The 3 most popular issues on the Ethics and Insurance blog

This is the 200th post on the ethics and insurance blog, so if you don’t mind, I’ll take a quick look back at how it’s gone.

I started the blog in June 2011 and over the subsequent 37 months, I’ve averaged five and a half posts per month. That tallies to a little over one a week, which for a three year period, is a track record I’m pleased with.

The most popular post has been this one about dual pricing, followed by this one about the need for insurance firms to carry out an ethical risk assessment. Third place went to this post about motor subrogation costs. What I find interesting about this top three outcome is that they are all ethical issues that will continue to demand attention from insurance firms over the next three years.

Dual pricing is evolving into the even more thorny issue of price optimisation, something that could produce some serious unintended consequences for the insurance sector. And I believe the way in which motor repair subrogation evolves over the next three years could result in further questions being asked about that market’s practices – a sort of ‘referral fees 2’. You can join issues like these (and many others) together on a reputational map, using an ethical risk assessment, something that the UK regulator for financial services is urging all firms to undertake.

The blog has a loyal following, drawn roughly half from the UK and half from around the world – Europe, Asia, Africa and both North and South America are represented. I appreciate that many posts are UK centric, something that I keep on trying to lean against, on the basis that events in one country’s insurance market often have lessons that other countries should bear in mind: South Korea is one such case.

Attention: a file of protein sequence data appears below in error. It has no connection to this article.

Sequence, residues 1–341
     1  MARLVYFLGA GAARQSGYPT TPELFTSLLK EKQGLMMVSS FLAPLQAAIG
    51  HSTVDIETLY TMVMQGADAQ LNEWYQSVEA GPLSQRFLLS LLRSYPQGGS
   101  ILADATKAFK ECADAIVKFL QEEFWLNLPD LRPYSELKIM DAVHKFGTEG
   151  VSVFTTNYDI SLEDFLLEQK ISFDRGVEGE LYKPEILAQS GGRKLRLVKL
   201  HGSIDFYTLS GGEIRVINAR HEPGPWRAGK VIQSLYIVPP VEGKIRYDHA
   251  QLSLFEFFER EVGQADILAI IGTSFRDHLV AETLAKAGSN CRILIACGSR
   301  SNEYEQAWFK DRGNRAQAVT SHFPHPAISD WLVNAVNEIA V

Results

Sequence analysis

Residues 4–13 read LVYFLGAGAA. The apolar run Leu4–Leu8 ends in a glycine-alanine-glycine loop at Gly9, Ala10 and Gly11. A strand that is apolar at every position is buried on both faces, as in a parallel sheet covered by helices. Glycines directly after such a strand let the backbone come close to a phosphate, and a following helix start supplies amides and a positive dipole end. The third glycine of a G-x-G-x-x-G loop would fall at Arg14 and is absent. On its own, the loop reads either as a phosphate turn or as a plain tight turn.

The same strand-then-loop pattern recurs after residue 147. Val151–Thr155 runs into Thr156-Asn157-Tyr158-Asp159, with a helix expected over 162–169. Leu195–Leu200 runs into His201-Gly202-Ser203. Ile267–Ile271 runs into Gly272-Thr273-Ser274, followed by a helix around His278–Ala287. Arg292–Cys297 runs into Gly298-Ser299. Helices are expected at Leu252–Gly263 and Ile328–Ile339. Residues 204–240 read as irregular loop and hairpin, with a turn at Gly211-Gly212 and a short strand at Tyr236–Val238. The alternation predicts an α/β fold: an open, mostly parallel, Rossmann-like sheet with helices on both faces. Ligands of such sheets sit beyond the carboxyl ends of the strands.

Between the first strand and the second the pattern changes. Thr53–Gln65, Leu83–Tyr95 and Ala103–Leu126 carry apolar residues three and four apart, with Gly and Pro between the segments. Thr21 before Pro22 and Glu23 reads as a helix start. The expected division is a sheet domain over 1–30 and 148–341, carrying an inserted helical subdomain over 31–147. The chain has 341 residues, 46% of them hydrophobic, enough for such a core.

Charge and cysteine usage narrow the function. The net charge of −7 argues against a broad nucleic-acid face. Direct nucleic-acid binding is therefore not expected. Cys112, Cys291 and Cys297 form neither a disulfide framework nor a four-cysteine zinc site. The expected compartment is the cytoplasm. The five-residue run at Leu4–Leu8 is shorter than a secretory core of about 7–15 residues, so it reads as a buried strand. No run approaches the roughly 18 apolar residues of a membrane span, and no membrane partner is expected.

I have also tended to post more about the general insurance market and less about the long term market. That is likely to change over the next 12 months, as structural changes in pensions markets both here in the UK and around the world, create pressures that are likely to result in increased misconduct.

I thank you all for your many thousands of ‘views’ and hope that my next set of 200 posts will continue to provide you with topical and stimulating reading.

 

About the Author Duncan Minty

Duncan is the founder of the Ethics and Insurance blog and the author of its many posts. He's a Chartered Insurance Practitioner, having worked 18 years in the UK market. As an adviser to many firms on ethics issues, as well as a regular conference speaker, he is one of the leading voices on ethics and insurance.

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